I had to stand on stage with a translator and do masterclasses, play along to some of my songs. We had the producers take out the backing track so I could play along live. It’s a tidy little job on the side, I’m very lucky.

 

And that’s on top of all the other bands you’re in: the Ginger Wildheart band, Young Legionnaire, Horsefight …

 

I get asked this quite a lot, how many bands I play in, and the answer is that I honestly don’t know! It’s somewhere between seven and nine, a lot of fluctuating. But when I try reeling them off, I always forget. There’s Young Legionnaire, the Ginger Wildheart band, Vennart – who was the singer/guitarist from Oceansize and now plays in Biffy Clyro, I do all of his solo stuff. I’m in another project with him and another guy from Oceansize called British Theatre, as well as Horsefight, a new band from Italy which is pretty sombre and a band called Barbarossa.

 

No two of those bands sound the same either, it’s all very schizophrenic.

 

Best way to be man, get yourself around! There’s less money in music nowadays, if you’re a drummer especially you have to do as much as you can. I’m excited about some of the stuff I’ve got coming up, gonna start doing stuff with a guy called Martin Grech, who I used to be really into as a teenager.

 

I was doing a gig with Horsefight in London recently that I really wasn’t into; I was about to break up with my girlfriend so I was a bit distracted and didn’t enjoy it. But then this guy came up who’d been playing drums in the band before, he gave me compliments but I had my head down telling him I didn’t enjoy when I realised “hang on – are you called Martin?!” He’s one of my heroes, a multi-instrumentalist whose stuff gets pretty dark. I’m proper excited about working with him. Got another Vennart album coming as well, I think. I’ll be doing some work with Micko Larkin from Courtney Love’s band too. He’s been playing with a group called Daria and I’ll be doing something with them around November.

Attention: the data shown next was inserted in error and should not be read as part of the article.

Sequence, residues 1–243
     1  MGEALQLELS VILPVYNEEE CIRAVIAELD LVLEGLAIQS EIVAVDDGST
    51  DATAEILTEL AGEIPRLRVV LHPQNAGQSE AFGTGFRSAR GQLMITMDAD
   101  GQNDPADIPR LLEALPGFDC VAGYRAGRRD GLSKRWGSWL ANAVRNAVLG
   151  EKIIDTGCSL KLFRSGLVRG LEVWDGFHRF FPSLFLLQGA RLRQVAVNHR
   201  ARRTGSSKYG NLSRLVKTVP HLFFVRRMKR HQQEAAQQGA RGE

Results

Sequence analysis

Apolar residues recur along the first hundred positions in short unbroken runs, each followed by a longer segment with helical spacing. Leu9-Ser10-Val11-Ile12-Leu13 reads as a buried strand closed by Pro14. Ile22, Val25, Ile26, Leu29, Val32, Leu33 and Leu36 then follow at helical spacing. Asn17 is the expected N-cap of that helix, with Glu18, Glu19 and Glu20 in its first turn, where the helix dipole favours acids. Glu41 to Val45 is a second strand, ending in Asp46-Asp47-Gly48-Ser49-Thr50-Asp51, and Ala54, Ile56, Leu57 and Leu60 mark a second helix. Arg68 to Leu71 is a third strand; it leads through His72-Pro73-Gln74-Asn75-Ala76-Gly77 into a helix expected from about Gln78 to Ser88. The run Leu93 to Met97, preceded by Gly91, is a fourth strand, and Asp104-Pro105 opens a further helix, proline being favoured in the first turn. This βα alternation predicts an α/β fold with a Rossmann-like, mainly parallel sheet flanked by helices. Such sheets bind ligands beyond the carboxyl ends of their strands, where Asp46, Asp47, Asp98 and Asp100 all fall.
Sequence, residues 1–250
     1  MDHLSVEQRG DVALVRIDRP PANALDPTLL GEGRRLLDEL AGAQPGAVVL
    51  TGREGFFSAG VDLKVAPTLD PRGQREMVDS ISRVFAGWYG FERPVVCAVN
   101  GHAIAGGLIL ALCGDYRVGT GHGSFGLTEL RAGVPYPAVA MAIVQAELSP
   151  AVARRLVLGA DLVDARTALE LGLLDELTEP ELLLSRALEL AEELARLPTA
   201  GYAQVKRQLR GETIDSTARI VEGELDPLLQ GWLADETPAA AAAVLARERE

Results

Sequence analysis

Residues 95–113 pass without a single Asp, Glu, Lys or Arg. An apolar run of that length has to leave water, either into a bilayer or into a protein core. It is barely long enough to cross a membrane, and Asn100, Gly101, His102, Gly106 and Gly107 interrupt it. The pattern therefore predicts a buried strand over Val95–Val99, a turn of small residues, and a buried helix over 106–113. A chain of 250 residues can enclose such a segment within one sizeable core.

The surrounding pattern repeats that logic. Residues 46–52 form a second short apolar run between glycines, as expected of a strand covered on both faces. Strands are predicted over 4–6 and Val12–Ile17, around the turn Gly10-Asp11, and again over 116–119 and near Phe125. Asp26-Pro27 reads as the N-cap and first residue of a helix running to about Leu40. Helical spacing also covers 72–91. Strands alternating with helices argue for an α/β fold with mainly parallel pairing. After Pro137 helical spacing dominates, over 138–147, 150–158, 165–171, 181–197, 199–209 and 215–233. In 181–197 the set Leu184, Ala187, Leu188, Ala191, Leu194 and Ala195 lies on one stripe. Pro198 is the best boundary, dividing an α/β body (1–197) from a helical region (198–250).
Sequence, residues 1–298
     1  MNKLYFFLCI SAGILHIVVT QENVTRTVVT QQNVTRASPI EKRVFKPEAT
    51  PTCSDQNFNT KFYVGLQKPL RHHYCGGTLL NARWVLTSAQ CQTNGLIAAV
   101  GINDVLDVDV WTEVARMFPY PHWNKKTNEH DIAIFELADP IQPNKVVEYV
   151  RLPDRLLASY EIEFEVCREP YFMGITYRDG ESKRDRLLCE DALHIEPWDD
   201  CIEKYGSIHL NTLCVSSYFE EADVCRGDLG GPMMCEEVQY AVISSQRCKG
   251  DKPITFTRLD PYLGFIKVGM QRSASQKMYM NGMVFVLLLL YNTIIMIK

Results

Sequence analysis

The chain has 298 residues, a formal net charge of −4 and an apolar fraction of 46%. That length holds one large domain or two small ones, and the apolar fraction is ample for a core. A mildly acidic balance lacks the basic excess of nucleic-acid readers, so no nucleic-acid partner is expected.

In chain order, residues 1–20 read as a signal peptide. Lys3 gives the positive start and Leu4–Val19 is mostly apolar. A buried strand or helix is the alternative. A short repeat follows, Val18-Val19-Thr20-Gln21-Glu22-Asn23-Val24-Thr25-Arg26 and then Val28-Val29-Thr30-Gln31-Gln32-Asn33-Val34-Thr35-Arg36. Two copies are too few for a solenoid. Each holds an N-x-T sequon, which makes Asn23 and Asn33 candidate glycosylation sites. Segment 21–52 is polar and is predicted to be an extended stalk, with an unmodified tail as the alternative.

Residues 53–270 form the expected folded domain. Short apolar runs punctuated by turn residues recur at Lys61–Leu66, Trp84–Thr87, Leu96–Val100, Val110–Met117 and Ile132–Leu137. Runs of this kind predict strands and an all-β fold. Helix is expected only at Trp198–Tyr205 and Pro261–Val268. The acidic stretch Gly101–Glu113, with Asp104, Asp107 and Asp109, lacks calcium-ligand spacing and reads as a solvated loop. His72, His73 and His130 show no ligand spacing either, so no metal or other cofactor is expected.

Do you ever find it difficult to switch gears between projects?

 

Not really. If I’ve been doing a lot of heavy stuff, like with Mutation or Ginger, the switch to ambient mental stuff on something else is nice because I need a little break. I do a lot of skipping about from genre to genre, it keeps it more interesting than if I was just doing blast-beats all the time.

 

And seeing as you make up about 38 per cent of the UK music scene, how do you think it’s faring at the moment?

 

It depends where you go. Down here [in London] I’ve stumbled onto a few gigs that I’ve been into. Back in the day you used to take that kind of thing for granted, but now in places like London and Berlin, it’s getting more and more rare to wander into something you just naturally like. It all comes down to personal taste. There’s a lot of hip shit getting shoved in our faces, which doesn’t help. I’ve caught some great bands recently called Girl Band and Nails USA.

 

But as far as the scene goes in general? Everyone talking about the subject seems to harken back to the days of their teens, between then and their Twenties... but I don’t know if that’s just how everyone feels. Like I keep thinking back to how Newcastle was in my teens and thinking nowhere was like that; everyone ends up being territorial about their own scene.

 

‘Dark Black’ is out now.

 

Mutation will tour the UK this October/November. The dates are as follows:

 

Friday 27 October - Brudenell Social Club, Leeds

Saturday 28 October - Slade Rooms, Wolverhampton (Ginger Wildheart Halloween Hootenanny IV)

Sunday 29 October - The Deaf Institute, Manchester

Monday 30 October - Stereo, Glasgow

Tuesday 31 October - Riverside, Newcastle

Wednesday 1 November - The Underworld, Camden

Thursday 2 November - The Globe, Cardiff

Friday 3 November - Mike’s Frog Bar, Brighton

Saturday 4 November - Damnation Festival, Leeds

Wednesday 22 November - Empire Music Hall, Belfast